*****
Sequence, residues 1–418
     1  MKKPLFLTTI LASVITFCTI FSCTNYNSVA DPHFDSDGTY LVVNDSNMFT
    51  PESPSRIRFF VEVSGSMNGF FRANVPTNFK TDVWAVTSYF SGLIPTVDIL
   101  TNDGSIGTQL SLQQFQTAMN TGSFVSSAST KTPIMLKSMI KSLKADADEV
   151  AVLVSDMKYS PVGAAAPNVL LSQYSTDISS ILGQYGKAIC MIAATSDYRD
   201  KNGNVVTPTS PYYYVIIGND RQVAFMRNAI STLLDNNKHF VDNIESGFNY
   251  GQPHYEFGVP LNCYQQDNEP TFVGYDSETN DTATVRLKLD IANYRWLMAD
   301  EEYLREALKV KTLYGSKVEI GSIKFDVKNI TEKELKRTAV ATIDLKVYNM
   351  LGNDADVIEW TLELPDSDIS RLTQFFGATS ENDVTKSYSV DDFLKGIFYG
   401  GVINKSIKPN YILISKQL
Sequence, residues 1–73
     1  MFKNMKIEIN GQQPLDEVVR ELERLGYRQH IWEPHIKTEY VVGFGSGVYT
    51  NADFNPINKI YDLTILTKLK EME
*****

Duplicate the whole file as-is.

Sequence, residues 1–418
     1  MKKPLFLTTI LASVITFCTI FSCTNYNSVA DPHFDSDGTY LVVNDSNMFT
    51  PESPSRIRFF VEVSGSMNGF FRANVPTNFK TDVWAVTSYF SGLIPTVDIL
   101  TNDGSIGTQL SLQQFQTAMN TGSFVSSAST KTPIMLKSMI KSLKADADEV
   151  AVLVSDMKYS PVGAAAPNVL LSQYSTDISS ILGQYGKAIC MIAATSDYRD
   201  KNGNVVTPTS PYYYVIIGND RQVAFMRNAI STLLDNNKHF VDNIESGFNY
   251  GQPHYEFGVP LNCYQQDNEP TFVGYDSETN DTATVRLKLD IANYRWLMAD
   301  EEYLREALKV KTLYGSKVEI GSIKFDVKNI TEKELKRTAV ATIDLKVYNM
   351  LGNDADVIEW TLELPDSDIS RLTQFFGATS ENDVTKSYSV DDFLKGIFYG
   401  GVINKSIKPN YILISKQL
Sequence, residues 1–73
     1  MFKNMKIEIN GQQPLDEVVR ELERLGYRQH IWEPHIKTEY VVGFGSGVYT
    51  NADFNPINKI YDLTILTKLK EME